Ryohei Watanabe

Japanese Foundation for Cancer Research, Edo, Tōkyō, Japan

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Publications (3)8.84 Total impact

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    ABSTRACT: Postoperative complications such as anastomotic leakage were reported to be a major independent prognostic factor for long-term survival in gastrointestinal malignancies. This study sought to clarify the prognostic significance of postoperative inflammatory complications specifically for patients with gastric cancer. This study included 1,395 patients who underwent curative resection for gastric cancer from 2005 to 2008. Complications were evaluated according to the Clavien-Dindo classification. Overall survival (OS) and disease-specific mortality (DSM) were compared between complication and no-complication groups. Presence of complications was modeled by the Cox proportional hazard model for OS and the Fine and Gray competing risk regression model for DSM to assess the correlation between complication and prognosis. The median follow-up time was 3.1 years. Two hundred seven patients (14.8 %) had complications of grade 2 or higher. Of 131 patients who died within this period, 87 died of gastric cancer. The 3-year OS in the complication group was 84.1 % compared to 93.1 % in the no-complication group (P < 0.0001). The cumulative incidence of DSM was also significantly worse in patients with complications (P < 0.0001). Multivariate analysis identified the same significant increasing risk of complication for both OS (hazard ratio 1.88; 95 % confidence interval 1.26-2.80) and DSM (hazard ratio 1.90; 95 % confidence interval 1.19-3.02). Postoperative complications that can cause prolonged inflammation have an obvious impact not only on the OS but also on the DSM of patients with gastric cancer even if the tumor is resected curatively.
    Annals of Surgical Oncology 11/2013; · 4.12 Impact Factor
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    ABSTRACT: Background The Glasgow prognostic score (GPS) is a patient-related measure to determine long-term outcomes in cancer patients. This study examined the impact of GPS on outcomes including postoperative complications after curative resection of gastric cancer. Methods The systemic inflammatory response was assessed by GPS, and the severity of postoperative complications was evaluated according to the Clavien–Dindo classification. Survival analysis was performed by the Kaplan–Meier method and the log rank test. Multivariate analysis was performed to determine significant associations with complications by a logistic regression model and the independent prognostic values by Cox’s proportional hazards model. Results Study patients (n = 1017) were allocated as follows: 904 (88.9 %) to GPS 0, 92 (9.0 %) to GPS 1, and 21 (2.1 %) to GPS 2. One hundred sixty-three patients (16.0 %) had postoperative complications of ≥ grade 2. Multivariate logistic analysis identified gender, body mass index, tumor location, tumor depth, blood transfusion, and comorbidity as significantly correlated with postoperative complications. However, GPS was not associated with the incidence of complication. On the other hand, multivariate analysis for overall survival identified GPS as an independent prognostic factor. Conclusions GPS is a significant predictor of long-term survival in curable gastric cancer surgery but not of short-term outcomes.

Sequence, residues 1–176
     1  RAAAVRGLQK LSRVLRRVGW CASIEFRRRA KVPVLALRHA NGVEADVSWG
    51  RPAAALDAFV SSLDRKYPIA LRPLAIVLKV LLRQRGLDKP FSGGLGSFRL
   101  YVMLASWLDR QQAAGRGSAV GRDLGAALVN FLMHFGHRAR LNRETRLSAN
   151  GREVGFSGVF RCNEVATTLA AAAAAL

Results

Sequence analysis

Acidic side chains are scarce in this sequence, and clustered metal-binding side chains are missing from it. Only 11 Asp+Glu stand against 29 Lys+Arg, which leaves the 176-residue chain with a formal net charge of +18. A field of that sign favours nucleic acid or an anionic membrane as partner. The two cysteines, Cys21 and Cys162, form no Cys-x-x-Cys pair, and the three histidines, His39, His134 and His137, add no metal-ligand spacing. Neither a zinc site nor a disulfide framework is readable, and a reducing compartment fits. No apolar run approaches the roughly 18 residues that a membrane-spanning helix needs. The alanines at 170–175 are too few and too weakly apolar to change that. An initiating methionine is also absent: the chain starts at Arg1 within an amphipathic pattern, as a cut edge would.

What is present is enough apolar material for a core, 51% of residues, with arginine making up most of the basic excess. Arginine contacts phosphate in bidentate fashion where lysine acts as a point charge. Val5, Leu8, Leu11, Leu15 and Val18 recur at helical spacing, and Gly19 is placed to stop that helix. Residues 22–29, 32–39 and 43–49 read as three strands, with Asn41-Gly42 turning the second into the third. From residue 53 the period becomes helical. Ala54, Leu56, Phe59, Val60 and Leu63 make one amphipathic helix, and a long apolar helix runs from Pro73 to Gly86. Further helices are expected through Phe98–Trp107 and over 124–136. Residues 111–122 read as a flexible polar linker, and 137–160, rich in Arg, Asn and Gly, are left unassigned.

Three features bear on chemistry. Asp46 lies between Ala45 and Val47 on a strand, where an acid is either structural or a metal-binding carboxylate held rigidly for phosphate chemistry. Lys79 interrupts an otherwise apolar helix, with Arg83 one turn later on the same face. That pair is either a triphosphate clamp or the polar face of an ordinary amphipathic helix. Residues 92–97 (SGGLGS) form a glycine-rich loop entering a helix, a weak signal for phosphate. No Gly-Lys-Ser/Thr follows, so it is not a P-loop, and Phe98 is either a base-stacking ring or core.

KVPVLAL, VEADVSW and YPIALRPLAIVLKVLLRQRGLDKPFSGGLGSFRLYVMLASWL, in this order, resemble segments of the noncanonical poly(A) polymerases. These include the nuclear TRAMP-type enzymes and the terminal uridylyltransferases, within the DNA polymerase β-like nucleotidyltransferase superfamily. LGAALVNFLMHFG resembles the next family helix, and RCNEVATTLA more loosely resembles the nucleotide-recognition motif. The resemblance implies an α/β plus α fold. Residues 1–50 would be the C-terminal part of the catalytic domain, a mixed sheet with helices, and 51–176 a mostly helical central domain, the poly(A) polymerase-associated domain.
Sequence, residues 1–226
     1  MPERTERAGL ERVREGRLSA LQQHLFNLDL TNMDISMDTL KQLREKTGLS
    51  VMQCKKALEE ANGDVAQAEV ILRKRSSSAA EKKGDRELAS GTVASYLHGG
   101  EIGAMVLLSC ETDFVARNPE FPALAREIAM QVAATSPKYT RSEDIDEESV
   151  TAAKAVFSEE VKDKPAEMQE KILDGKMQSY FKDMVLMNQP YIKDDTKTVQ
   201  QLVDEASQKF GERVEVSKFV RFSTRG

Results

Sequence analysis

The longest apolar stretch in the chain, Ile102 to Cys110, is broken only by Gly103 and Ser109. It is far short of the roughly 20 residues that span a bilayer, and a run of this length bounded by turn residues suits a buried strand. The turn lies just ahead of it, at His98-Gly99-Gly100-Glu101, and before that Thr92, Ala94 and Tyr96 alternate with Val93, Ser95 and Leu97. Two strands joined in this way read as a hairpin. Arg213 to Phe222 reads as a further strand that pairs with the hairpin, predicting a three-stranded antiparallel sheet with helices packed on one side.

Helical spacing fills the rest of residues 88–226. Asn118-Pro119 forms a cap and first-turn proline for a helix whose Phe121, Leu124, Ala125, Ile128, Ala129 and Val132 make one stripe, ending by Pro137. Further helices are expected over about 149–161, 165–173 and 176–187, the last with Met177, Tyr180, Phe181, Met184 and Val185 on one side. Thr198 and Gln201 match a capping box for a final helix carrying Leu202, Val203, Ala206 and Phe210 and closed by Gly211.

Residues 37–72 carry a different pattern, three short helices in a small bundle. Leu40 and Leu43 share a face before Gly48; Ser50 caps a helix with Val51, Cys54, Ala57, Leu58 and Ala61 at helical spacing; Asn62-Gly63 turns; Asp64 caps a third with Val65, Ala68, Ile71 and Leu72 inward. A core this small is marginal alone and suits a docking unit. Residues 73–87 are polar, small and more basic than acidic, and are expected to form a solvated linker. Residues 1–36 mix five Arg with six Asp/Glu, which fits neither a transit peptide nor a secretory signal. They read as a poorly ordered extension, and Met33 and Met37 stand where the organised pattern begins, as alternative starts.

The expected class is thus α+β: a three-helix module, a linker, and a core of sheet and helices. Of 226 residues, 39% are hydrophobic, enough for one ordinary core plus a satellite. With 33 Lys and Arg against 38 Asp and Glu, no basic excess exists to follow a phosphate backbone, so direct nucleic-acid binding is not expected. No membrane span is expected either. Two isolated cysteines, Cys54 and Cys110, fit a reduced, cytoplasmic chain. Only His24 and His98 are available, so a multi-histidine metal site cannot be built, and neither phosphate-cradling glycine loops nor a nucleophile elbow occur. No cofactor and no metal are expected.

Journal of Gastrointestinal Surgery 09/2012; 16(11). · 2.36 Impact Factor
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    ABSTRACT: This study investigated differences in the features of postoperative complications between Billroth-I (B-I) and Roux-en-Y (R-Y) reconstructions after laparoscopy-assisted distal gastrectomy (LADG) for early gastric cancer. The study included 424 patients who underwent LADG for cT1, cN0 gastric cancer. Patient characteristics, surgical outcomes, postoperative complications including severity assessment using the Clavien-Dindo classification, and risk factors related to postoperative complications were analyzed. B-I and R-Y were performed in 329 and 95 patients, respectively. Total time in hospital was longer in R-Y (15.2 ± 10.5 days) than in B-I (12.8 ± 6.4 days; P = 0.034). The incidence of severe complications was higher in R-Y (13.7%) than in B-I (5.2%; P = 0.009). Three cases of internal hernia and three cases of duodenal stump leakage were observed in R-Y. Univariate analysis revealed the method of reconstruction was a risk factor for severe postoperative complications after LADG (P = 0.006). The features of postoperative complications are quite different between B-I and R-Y after LADG. Complications after R-Y were more severe than those after B-I. To avoid these severe complications in R-Y, it is necessary to understand these different features.
    Journal of Gastrointestinal Surgery 09/2011; 15(12):2145-52. · 2.36 Impact Factor